It was no secret to the team at Glades Electric Cooperative in Moore Haven, Florida, that electric utilities across the country were getting into the broadband business. But it wasn’t until the utility conducted a survey of members in early 2022 that it realized just how pressing the need was in the local community.
“We knew we had a significant number of members without any kind of access, and our suspicions were confirmed,” says Jennifer Koukos, Glades Electric Cooperative’s chief communications officer. “We found that 20% did not have internet in our area of any kind. Not just high-speed but no internet access, which we found hard to believe in this day and age.”
Those numbers aren’t uncommon in rural communities across the country. The Federal Communications Commission defines broadband as a connection with minimum download speeds of 25 megabits per second and upload speeds of 3 Mbps. But according to a 2021 Pew Research Center survey, more than a quarter of rural Americans nationwide lack access to internet at those speeds.
That was the case with Coos-Curry Electric Cooperative, headquartered in Port Orford, Oregon, where a 2018 survey showed 20% of its membership was underserved when it came to internet access. By creating its own fiber internet provider called Beacon Broadband, the utility could not only improve the quality of its electric service, but could continue the mission it started more than 80 years ago.
“Back when Coos-Curry Electric was formed in 1939, rural residents there couldn’t get electric service to their homes,” says Shelly Yockey, Beacon Broadband’s director of corporate services. “The cooperative changed that. So, really what they wanted to explore was how to do the same thing with fiber internet.”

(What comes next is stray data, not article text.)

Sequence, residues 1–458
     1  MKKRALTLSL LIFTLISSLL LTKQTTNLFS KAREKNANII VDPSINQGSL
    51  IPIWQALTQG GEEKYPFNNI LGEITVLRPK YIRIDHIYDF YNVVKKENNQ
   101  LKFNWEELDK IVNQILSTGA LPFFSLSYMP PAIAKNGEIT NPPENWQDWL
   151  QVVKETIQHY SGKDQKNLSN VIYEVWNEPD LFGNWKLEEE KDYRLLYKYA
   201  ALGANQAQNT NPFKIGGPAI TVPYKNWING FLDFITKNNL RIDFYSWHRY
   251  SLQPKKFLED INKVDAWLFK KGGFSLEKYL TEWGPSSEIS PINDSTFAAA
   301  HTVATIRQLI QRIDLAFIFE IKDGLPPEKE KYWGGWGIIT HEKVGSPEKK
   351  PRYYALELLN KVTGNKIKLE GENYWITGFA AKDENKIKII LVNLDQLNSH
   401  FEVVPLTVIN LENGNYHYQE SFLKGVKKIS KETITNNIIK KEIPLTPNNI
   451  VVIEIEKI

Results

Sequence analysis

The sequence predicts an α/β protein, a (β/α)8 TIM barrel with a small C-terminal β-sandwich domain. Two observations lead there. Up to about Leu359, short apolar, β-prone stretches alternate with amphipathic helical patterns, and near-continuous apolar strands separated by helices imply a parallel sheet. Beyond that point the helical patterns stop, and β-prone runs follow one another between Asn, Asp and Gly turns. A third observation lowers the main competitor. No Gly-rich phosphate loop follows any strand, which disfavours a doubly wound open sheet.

Changing the Market
To tackle these new projects, both utilities turned to Conexon for help. The internet consulting company would take the lead on engineering and construction, but each cooperative would ultimately own the finished fiber network on its electric system.
For Glades Electric, the key was being able to offer fiber access to its consumers and improve the infrastructure of its electric system without having to become an internet service provider itself. Instead, the utility will lease a portion of its fiber service to Conexon Connect, the internet provider arm of Conexon, which will offer service directly to members once construction is complete.
“We didn’t want to learn the broadband business or set up an ISP,” Jennifer says. “It was like a lightbulb went off once we saw that opportunity. We realized we could be the solution without having to be an internet company.”
Coos-Curry Electric took a different approach, establishing Beacon Broadband as its own internet subsidiary. The project is still in its early stages, with several hundred customers connected. But Bill Gerski, vice president of sales and marketing, has already seen a response from other providers, such as Zipply Fiber and Spectrum.